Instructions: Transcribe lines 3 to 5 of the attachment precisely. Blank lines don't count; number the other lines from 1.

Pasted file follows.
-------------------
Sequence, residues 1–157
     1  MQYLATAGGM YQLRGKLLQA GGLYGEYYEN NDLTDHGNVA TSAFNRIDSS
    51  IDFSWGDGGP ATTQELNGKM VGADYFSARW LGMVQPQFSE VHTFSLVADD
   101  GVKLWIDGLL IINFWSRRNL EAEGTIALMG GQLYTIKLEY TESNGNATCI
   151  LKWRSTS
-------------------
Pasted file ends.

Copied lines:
    51  IDFSWGDGGP ATTQELNGKM VGADYFSARW LGMVQPQFSE VHTFSLVADD
   101  GVKLWIDGLL IINFWSRRNL EAEGTIALMG GQLYTIKLEY TESNGNATCI
   151  LKWRSTS